The Shang Dynasty
Some archeological discoveries correlate somewhat with written accounts about the Shang Dynasty that ruled from the fall of the Xia Dynasty until the Zhou Dynasty era for about 700 years until about 1000 BC. The dating is only approximate because historians don’t agree on the dating. The main ancient written accounts are in the Records of the Grand Historian (史記) that were written between about 109 BC and 91 BC by Sima Qian and another textthat is called the Bamboo Annals (竹書紀年). The Bamboo Annals was a text that was said to have been buried with the King of Wei who died in 296 BC and was rediscovered in 281 AD during the Jin Dynasty. The text was written on flat pieces of bamboo, and this is why it is called the Bamboo Annals. However, like the stories about the Xia Dynasty, the stories about the Xia may be mainly mythical or simply fables that were current during the Warring States era. Unlike the Xia Dynasty, the Shang had written records in the form of inscriptions on bones and bronze objects. The Shang Empire had a ruling hierarchy, a high level of bronze craftsmanship, and a hieroglyphic writing system.
Ancient Written Accounts
It is written that King Tang of the Shang tribe (1675-1646) watched the last Xia ruler falter. The last Xia king was named Jie, and he lived in luxury and decadence, and he was oppressive. So he started attacking the Xia people, and Tang employed wise men to help him. There was a rebellion, and Tang conquered the Shang in 1600 BC. Jie’s own people sided with the Shang. It is said that he ruled well because he lowered taxes and outlying tribes became vassals. Their territory increased so that it included territory far to the south and reached to the sea.
The last Shang king was named Shang Zhou. A neighboring tribe was called the Zhou. Like King Jie of the Xia Dynasty, he was defeated by the Zhou rulers because his own people rebelled. His own troops and slaves joined the Zhou in the last battle. The new Zhou ruler was named Zhou Wu. He allowed Shang Zhou’s son to rule the Shang people as vassals. The Zhou rulers also dispersed prominent Shang people to other places.
Archeological Discoveries from the Era of the Shang Culture
Shang-era towns have been found around the Yellow River and to the south near the Yangtze River. These towns apparently shared a similar culture. The towns had walls for their defence. It is thought that the last capital city of the Shang Dynasty was named Yin. It was found near Anyang. The site is called the Ruins of Yin. Yin tombs and ritual sites contained weapons and the remains of sacrificed humans and animals. The Shang people practiced human sacrifice. Thousands of oracle bones with inscriptions were found. Oracle bones are bones on which the people inscribed hieroglyphs. It is thought that these bones were used for divination or magic. The hieroglyphs show that the people had a written language.
In 1976, archeologists opened an undisturbed tomb called Tomb 5. It was the tomb of Lady Fu Hao. She had a military career, and a historian named Robert Thorp said that the assortment of weapons in her tomb correlate with oracle bone inscriptions. The bronze vessels and tools showed that the Shang people had a high level of technology of bronze metallurgy. They were able to cast large pots.
According to the historical accounts, the civilization in the region developed around the Yellow River under the reign of the Xia, Shang and Zhou Dynasties. There is no mention of any other advanced kingdom in the region. However, archeologists have uncovered other Bronze-age cultures that belie the idea that the civilization of the people in the region only developed along the Yellow River.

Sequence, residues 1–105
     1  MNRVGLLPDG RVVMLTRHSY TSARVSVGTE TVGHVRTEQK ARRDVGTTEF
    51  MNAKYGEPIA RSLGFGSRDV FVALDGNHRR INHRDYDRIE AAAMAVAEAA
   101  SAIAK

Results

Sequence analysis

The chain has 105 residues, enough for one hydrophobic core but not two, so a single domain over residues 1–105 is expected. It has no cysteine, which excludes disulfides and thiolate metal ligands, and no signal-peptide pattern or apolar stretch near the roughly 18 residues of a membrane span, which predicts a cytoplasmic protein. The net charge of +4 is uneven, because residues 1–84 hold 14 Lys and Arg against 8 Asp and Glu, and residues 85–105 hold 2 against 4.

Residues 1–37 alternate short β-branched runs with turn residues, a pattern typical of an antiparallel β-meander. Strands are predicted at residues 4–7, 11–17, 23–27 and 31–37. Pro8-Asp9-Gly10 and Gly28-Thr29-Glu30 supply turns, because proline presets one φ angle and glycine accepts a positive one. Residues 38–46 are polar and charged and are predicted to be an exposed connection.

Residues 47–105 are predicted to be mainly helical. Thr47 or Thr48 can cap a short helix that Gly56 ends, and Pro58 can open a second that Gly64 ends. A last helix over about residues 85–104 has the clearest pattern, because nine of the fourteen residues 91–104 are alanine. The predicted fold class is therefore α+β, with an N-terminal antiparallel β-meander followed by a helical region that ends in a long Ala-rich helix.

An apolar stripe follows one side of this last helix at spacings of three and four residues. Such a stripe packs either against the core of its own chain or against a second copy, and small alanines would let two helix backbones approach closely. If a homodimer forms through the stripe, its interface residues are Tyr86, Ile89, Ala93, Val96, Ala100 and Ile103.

Sanxingdui (2000-1250 BC)
The foremost of the Bronze-age civilizations that existed contemporaneously with the Shang culture is called the Sanxingdui culture. It was discovered only about 25 years ago. This kingdom’s bronze technology was different than that of the Shang people and perhaps more advanced. This culture also built large walled towns. But the culture was very different. Chinese archeologists discovered this civilization in 1986. The archeological site is located in Sichuan province about 40 kilometers northeast of Chengdu. Analysis of lead and other metals in the bronze castings indicates that some of the metal was sourced from the same places that the Shang people obtained metal. Apparently, there was contact between the two peoples, but the Sanxingdui people are not mentioned in ancient accounts such as the Bamboo Annals. This belies the historicity of the ancient written records.
The civilization had high bronze casting technology, and they were able to make unusually large and finely crafted bronze objects by adding lead to make the bronze alloy. No texts or inscriptions have been found, and there is no mention of this culture in the records of other cultures. This culture remains intriguing and mysterious. Read more on Sanxingdui
Shang Dynasty Development of Chinese Writing
Writing in the area dates back to the hieroglyphs that were used in the Shang Dynasty. Not much is known about the Shang Dynasty or its writing. No documents have been found, but only thousands of hieroglyphs written on bronze objects and oracle bones. The first texts that have been discovered date from the Zhou Dynasty (1045-256 BC) that conquered the Shang Dynasty. The hieroglyphic writing system later evolved into the ideographic and partly-phonetic Chinese characters that are used today. Read more on Chinese writing
- Chinese Dynasties
- The Xia Dynasty
- The Shang Dynasty
- The Zhou Dynasty
- Spring and Autumn Period
- Warring States Period
- The Qin Dynasty
- The Han Dynasty
- Three Kingdoms
- The Jin Dynasty
- The Sui Dynasty
- The Tang Dynasty
- The Western Xia Dynasty
- The Song Dynasty
- The Yuan Dynasty
- The Ming Dynasty
- The Qing Dynasty
- The Kingdom of Dali